Clipper's Vera Cruise Build

Clipper's Vera Cruise Build

Saturday, July 2, 2016


Well, it's done. The boat is now really a boat and it looks like a boat. More importantly, no one got hurt while turning the boat over and the boat wasn't damaged. Actually it went very smoothly. Other than being extraordinarily hot outside, it was a very pleasant experience.

I had at least 15 people there many of who were wearing a team shirt I bought for the event. A good friend brought a keg of home brew beer and we had queso and chips as well as other drinks.

This is a culmination of nearly 4 years of building, far longer than I originally thought it would take, but immensely satisfying nonetheless.

So to recap what has transpired since the last posting, here it goes.

There was a three week waiting period while the paint cured fully. Near the end of the three week period, I started putting the rollover structure and cradle back into position.

Then the boat needed to be jacked up and the casters assemblies added to the build form. This wasn't easy as there was no good place to place my normal floor jack. Instead I had to resort to a scissors jack from my wife's car. This was used to jack up one side. The caster assemblies were installed and then the other side was jacked up and completed. During the process I heard a few creaks and groans but other than looking scary, it went well enough.

I then finished the installation of the rollover structure by connecting it to the build form underneath the boat. Installation was completed by adding ratchet straps to hold the cradle on the boat.

I took this next shot primarily because it seemed like a cool shot and I knew I would never see it this way again. This is the bow of the boat as seen from underneath, after it has been raised on the casters.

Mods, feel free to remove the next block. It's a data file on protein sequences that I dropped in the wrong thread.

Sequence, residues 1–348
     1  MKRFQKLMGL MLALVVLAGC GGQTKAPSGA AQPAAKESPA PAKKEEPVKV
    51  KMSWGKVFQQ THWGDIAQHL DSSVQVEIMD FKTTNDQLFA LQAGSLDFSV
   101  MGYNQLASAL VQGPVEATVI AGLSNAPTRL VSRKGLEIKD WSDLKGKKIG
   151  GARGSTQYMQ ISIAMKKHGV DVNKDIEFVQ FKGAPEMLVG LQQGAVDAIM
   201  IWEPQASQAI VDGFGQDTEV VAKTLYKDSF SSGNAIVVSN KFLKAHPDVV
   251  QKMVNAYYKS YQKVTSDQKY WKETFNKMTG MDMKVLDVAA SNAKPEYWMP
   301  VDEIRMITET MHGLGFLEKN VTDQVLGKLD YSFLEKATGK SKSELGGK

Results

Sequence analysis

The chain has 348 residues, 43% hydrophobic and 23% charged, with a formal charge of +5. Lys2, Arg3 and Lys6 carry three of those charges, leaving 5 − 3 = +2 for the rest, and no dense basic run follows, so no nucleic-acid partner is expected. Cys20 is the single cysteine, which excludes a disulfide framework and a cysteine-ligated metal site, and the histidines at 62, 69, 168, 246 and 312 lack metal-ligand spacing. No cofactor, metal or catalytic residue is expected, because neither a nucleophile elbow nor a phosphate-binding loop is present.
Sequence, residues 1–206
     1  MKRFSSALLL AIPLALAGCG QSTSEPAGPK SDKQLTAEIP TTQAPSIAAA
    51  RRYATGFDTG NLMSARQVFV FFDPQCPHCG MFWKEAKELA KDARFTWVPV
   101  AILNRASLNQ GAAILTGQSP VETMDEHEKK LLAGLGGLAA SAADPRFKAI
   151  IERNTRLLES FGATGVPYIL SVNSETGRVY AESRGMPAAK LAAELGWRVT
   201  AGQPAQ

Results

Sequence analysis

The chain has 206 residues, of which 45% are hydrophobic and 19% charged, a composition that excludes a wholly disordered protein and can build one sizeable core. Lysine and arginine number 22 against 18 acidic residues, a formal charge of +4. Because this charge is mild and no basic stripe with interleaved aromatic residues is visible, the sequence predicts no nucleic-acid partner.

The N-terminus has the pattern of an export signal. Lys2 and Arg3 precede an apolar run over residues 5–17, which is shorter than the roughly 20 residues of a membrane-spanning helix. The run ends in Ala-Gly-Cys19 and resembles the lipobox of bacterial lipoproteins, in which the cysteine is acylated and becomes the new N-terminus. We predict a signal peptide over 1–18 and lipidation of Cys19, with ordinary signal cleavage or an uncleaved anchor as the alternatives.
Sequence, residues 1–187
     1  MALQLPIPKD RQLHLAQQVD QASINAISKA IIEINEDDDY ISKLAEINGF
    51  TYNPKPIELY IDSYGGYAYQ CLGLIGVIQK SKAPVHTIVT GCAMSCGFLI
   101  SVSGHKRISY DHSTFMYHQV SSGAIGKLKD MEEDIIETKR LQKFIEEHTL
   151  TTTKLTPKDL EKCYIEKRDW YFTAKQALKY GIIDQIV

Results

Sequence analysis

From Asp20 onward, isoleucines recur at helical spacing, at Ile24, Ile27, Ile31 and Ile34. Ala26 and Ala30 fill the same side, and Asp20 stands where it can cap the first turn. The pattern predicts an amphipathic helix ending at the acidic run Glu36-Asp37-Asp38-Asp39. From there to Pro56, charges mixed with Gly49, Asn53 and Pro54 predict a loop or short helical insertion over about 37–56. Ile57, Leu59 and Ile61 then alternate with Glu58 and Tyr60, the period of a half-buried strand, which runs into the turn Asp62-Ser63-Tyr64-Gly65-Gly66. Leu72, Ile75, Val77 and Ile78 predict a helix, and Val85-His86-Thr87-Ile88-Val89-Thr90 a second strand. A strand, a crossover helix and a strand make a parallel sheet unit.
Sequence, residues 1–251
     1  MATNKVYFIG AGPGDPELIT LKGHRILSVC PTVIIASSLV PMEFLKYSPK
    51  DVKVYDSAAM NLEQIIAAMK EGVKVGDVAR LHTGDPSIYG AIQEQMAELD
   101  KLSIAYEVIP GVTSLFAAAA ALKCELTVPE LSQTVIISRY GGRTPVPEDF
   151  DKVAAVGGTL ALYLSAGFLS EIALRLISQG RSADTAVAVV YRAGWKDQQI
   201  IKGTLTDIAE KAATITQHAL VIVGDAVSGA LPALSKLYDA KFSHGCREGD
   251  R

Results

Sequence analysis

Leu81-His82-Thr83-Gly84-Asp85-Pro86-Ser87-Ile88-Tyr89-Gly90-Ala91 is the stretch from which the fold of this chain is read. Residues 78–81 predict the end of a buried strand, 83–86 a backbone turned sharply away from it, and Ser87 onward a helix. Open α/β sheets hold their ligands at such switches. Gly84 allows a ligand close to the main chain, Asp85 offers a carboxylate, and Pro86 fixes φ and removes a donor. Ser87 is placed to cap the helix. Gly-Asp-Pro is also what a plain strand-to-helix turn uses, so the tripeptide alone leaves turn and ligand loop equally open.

Then today, at 10 AM, I had numerous friends from work, a fellow boat builder, a few neighbors, and my family to participate in the actual flipping event. There were many, many photos taken, far too many for all to be included here. They can be viewed in the photos galleries section at the top of the side bar using the "Flipping The Boat" link.

However, here are enough to give the flavor of the flip.

Once we got it on it's side, I removed the casters from the build form and transferred them to the cradle on the other side.

Then a group shot.

Finally the remainder of the flip.

And roll it back into the garage.

And finally here it is in the garage. I'll be posting another blog entry  soon with more in the garage pictures as I start to remove all the build form structure.

Now that the boat is flipped it seems even more real than when I finished planking last summer. One thing that did not happen was the feeling of being overwhelmed by the yawning interior of the open hull. I had heard from other builders that this feeling came over them when they looked at the hull and realized what is still to come. For some reason, I didn't feel that. Perhaps it's because I know what I have still to do for the next several months.

Anyway, it was a delightful experience and I am glad and thankful that so many were willing to participate in it. Now on to the next phase. Take care.

Click Here To Comment:

  1. Carl, CONGRATULATIONS on the flip! I know it's an incredibly satisfying feeling to see the hull you've worked on for so long finally sitting upright — a huge milestone reached, and the beginning of a new phase. I'm as impressed with your planning and preparation for the flip as I have been with your meticulous workmanship. I'm looking forward to following more progress. She's going to be a stunning boat!

    1. Thanks Michael,

      It's amazing just how much of a difference it makes seeing the boat upright. I've found my enthusiasm to work on it reinvigorated and despite the heat and humidity, I am getting out there to move forward with the project.


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